Gifts of Real Estate
If you've owned your home or other real estate for a long time, no doubt it has increased in value significantly. What happens if you sell the property?
First of all, the sale is subject to capital gains tax on the property's appreciation. If the property has been your main home for at least two of the past five years, you can exclude up to $250,000 of gain ($500,000 for married couples). However, this opportunity to avoid capital gains tax doesn't apply if the property is a vacation home, land or any real estate other than your primary residence. Plus, there's the cost of marketing and selling real estate, which also takes time and effort, even if you use professional assistance.
Before you sell real estate, consider a new option. If you'd like to help fulfill our mission, your property opens the door to a unique giving opportunity: donate the property to us. You can give the property outright, place it in trust, retain the use of it for life or give it by will. All of these methods will enable you to enjoy personal financial benefits while supporting our work in a meaningful way.
Let's look at the various federal rules used to figure your tax savings, and apply them to certain kinds of gifts to show how you can benefit.
Tax Benefits of an Outright Gift
When you make an outright gift of real property held for more than a year, you obtain an income tax charitable deduction equal to the property's full fair market value. This deduction lets you reduce the cost of making the gift and frees cash that otherwise would have been used to pay taxes.
By donating the property to us, you also avoid capital gains tax on the property's appreciation. Furthermore, the transfer isn't subject to the gift tax, and the gift reduces your taxable estate.
Example: Edith gives us a second home she no longer is able to use. It originally cost $50,000 but is now worth $150,000. She gets a $150,000 charitable deduction, which represents a tax savings of $42,000 in her 28 percent tax bracket. And she completely avoids tax on the $100,000 of appreciation. Now she no longer has to maintain the home, and the property won't be taxable in her estate.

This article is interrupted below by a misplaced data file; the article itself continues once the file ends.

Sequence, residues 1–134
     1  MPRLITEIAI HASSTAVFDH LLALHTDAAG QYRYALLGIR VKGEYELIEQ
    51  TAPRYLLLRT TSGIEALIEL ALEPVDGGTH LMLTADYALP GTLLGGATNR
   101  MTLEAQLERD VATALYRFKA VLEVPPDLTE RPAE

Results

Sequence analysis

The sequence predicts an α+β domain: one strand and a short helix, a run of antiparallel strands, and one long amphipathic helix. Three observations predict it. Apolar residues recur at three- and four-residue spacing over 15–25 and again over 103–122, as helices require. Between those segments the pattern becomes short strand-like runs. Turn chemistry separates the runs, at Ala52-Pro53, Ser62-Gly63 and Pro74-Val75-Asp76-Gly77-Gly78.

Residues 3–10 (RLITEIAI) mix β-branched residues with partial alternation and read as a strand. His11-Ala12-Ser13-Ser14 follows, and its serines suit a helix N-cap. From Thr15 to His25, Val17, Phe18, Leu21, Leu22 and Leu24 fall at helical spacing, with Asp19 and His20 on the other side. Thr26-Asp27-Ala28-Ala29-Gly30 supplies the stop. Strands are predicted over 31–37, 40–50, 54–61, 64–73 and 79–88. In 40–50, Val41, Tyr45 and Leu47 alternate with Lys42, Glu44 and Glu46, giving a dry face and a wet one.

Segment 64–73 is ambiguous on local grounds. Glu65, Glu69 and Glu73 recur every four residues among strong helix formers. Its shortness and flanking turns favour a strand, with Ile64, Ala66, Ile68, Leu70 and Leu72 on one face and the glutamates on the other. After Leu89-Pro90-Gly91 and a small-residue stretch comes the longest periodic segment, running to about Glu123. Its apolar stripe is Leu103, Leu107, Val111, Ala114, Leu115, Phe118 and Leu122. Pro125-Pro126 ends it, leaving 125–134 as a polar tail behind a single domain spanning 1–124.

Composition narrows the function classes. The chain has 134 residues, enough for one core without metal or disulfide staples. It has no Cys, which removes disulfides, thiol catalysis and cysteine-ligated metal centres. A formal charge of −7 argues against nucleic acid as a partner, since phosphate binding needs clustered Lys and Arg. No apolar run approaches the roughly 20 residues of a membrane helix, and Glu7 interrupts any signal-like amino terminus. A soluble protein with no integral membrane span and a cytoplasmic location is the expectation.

Your deduction for a gift of appreciated real estate in any year is generally limited to 30 percent of your adjusted gross income, with a five-year carryover of the unused deduction. If you elect to base your charitable deduction on the cost of the property, this raises your AGI limitation to 50 percent with a five-year carryover, but this has implications for all gifts made during or carried over to that year.
For real estate you've held only short-term, your charitable deduction is limited to the property's cost basis, but there's still no tax on the appreciation. The deduction may be claimed up to 50 percent of your adjusted gross income, again with a five-year carryover for any excess value.
Your gift is usually effective when a properly executed and notarized deed, suitable for recording, is delivered. The amount of your deduction for a gift of real estate (if more than $5,000) must be substantiated by a qualified appraisal of its fair market value.
Give Your Home But Enjoy Life Use
Let's assume you like the tax advantages a charitable gift of real estate would offer, but you want to continue living in your personal residence for your lifetime. You'd like to retain the right to rent your house or make improvements. You may also want a survivor (perhaps your spouse) to enjoy life occupancy. But, ultimately, you'd like for a charitable organization to receive the property.
By deeding your home to us now, subject to all these rights, you can still obtain valuable tax savings. This arrangement is called a retained life estate. Even though the non-profit would not actually take possession of the residence until after the lifetimes of the tenants you've named, you receive an immediate income tax charitable deduction because the gift cannot be revoked. The amount of the deduction depends on the value of the property and your age (and the age of any other person given life use).